Thousands of workers rallied Saturday outside the Renault factory in northern France to protest the automaker’s decision to cut 15,000 jobs worldwide, including 4,600 in France.
Unions said 8,000 people took part in the protest at the Maubeuge subsidiary over the cuts designed to help Renault steer out of a cash crunch exacerbated by the coronavirus pandemic.
The plant, which employs around 2,100 people, has been stopped since Friday.
Under the new plan, Maubeuge-based production of electric Kangoo utility vehicles is set to move to Douai, 70 kilometres (45 miles) away, much to the consternation of workers.
“It’s an earthquake that is taking place. We want to keep our company here,” Jerome Delvaux, a union member, told us.
“This demonstration today is very important, even if it is a first step, to show the government and Renault that workers and residents of this area are committed to this company and that we have support,” Delvaux added.
“We need these jobs, otherwise it’s a whole territory that will die,” he said.
The company will target savings of more than two billion euros ($2.2 billion) over three years and turn its focus to electric vehicles as it seeks to restore competitiveness in a market reeling from slumping sales since the COVID-19 pandemic forced millions of people into home confinement for weeks on end.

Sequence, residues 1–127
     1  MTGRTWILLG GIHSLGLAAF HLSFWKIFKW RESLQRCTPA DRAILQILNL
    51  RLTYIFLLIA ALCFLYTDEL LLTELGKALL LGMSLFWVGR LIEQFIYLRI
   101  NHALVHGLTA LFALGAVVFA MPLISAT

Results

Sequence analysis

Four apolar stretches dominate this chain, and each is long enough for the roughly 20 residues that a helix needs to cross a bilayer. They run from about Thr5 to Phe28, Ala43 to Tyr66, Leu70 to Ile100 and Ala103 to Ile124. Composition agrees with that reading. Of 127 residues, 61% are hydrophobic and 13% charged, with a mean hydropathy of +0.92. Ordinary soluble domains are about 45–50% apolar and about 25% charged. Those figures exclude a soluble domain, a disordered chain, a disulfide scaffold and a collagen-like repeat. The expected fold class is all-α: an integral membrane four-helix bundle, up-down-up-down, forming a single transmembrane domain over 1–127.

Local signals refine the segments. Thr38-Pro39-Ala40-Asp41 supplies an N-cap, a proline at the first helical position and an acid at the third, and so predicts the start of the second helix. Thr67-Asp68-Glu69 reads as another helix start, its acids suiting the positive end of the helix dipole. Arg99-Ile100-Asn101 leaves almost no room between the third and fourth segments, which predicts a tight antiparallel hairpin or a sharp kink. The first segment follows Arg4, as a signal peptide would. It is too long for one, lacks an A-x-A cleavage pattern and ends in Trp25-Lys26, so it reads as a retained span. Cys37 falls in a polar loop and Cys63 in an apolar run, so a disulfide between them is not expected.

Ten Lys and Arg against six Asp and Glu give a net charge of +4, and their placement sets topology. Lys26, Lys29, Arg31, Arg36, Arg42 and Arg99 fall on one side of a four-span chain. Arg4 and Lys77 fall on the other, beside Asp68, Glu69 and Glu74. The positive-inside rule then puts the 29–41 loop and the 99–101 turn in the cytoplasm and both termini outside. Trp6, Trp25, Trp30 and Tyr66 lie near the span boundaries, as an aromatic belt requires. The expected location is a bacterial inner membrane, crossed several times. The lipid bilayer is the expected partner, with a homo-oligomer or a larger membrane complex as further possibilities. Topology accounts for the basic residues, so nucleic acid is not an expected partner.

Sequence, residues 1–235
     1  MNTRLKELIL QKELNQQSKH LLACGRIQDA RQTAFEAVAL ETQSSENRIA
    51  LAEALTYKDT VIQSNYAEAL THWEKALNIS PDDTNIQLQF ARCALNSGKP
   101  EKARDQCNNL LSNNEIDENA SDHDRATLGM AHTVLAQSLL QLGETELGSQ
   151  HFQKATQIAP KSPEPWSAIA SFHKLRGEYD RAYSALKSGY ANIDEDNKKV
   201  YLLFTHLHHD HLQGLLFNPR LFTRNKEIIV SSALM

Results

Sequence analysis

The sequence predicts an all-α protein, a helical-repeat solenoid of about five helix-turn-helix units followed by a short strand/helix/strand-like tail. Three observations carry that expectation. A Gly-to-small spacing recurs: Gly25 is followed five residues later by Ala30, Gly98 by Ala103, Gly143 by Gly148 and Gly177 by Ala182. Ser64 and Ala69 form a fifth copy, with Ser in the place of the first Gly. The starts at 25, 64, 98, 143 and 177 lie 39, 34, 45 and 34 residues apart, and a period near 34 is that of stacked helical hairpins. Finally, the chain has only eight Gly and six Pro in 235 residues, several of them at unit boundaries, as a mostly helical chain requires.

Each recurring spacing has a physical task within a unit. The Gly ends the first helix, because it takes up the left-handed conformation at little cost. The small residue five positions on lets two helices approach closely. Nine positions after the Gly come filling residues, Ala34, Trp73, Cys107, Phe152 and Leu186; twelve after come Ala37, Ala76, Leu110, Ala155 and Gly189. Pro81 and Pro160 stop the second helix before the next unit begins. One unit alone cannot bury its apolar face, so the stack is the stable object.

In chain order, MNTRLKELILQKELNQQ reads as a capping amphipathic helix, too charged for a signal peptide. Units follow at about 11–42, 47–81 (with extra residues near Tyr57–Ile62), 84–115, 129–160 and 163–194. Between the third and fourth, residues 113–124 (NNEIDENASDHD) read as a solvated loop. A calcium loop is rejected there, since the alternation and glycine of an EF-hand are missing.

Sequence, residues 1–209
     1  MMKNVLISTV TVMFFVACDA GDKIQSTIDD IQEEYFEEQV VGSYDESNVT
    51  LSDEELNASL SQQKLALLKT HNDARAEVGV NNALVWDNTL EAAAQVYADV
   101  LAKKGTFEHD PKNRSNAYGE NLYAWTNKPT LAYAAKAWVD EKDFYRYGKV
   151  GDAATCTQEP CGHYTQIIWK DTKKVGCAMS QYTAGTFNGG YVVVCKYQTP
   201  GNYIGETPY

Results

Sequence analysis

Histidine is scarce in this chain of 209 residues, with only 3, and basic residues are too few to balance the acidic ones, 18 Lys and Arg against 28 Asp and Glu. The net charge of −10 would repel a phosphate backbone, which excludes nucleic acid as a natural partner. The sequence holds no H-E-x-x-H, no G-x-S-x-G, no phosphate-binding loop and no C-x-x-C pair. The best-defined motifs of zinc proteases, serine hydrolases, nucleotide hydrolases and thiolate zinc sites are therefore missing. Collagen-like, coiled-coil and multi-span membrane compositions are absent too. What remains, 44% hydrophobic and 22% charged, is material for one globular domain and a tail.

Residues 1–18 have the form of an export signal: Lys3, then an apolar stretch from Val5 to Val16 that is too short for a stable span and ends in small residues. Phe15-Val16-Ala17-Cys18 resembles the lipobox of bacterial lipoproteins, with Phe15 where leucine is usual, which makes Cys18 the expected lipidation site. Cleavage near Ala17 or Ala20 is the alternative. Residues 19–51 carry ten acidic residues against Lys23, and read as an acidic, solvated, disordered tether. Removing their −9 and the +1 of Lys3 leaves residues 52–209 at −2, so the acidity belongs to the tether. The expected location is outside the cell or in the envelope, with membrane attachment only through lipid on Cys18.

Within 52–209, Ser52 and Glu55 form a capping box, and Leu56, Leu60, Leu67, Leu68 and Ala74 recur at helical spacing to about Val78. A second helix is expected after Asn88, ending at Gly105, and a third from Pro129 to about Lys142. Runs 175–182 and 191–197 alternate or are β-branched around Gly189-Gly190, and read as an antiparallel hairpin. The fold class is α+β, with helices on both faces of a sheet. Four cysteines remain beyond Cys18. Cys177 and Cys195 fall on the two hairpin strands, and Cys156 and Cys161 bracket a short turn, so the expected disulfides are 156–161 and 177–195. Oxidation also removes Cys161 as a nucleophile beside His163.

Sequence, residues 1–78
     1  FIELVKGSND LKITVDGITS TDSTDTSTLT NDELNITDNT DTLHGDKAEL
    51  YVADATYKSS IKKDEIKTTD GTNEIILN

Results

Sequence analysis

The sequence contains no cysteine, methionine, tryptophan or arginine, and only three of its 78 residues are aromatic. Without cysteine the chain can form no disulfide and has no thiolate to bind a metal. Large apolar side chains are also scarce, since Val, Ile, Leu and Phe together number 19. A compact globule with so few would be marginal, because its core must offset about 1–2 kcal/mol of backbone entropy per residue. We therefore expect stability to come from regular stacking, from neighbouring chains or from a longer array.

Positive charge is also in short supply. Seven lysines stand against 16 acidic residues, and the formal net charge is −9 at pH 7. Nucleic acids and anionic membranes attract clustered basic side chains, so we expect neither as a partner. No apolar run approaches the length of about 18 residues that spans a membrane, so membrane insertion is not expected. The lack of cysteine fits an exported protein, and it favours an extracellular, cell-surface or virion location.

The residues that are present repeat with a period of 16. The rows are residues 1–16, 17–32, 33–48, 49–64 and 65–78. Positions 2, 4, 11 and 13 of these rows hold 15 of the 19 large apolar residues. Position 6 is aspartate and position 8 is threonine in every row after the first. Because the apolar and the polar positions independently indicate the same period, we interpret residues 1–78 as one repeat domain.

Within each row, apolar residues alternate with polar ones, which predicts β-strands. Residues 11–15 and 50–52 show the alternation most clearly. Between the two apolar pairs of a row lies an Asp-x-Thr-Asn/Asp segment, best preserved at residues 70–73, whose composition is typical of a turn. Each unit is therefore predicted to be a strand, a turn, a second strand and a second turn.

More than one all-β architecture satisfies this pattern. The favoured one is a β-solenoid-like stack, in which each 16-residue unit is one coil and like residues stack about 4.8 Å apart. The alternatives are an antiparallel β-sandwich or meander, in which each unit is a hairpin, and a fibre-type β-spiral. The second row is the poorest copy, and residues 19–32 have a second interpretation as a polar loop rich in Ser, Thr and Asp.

Renault had been navigating turbulent waters even before the health crisis, starting with the shock arrest of its former boss Carlos Ghosn on financial misconduct charges in 2018 which led to deep rifts in its alliance with Japanese partners Nissan and Mitsubishi.
In February, the company unveiled its first annual loss in a decade, followed quickly by the 2020 health crisis that saw new car registrations in the European Union plunge 76.3 percent year-on-year in April.
In an “adjustment” plan announced to unions Thursday, Renault said nearly 4,600 jobs would be cut out of 48,000 in France, and more than 10,000 in the rest of the world — some eight percent of the company’s global workforce.
It would entail retraining, internal mobility and voluntary departures, spread out over three years, with no outright dismissals envisioned for now.
Four production sites in France could be closed or restructured, the automaker said, and its hulking factory at Flins northwest of Paris will stop making the Zoe electric hatchback from 2024.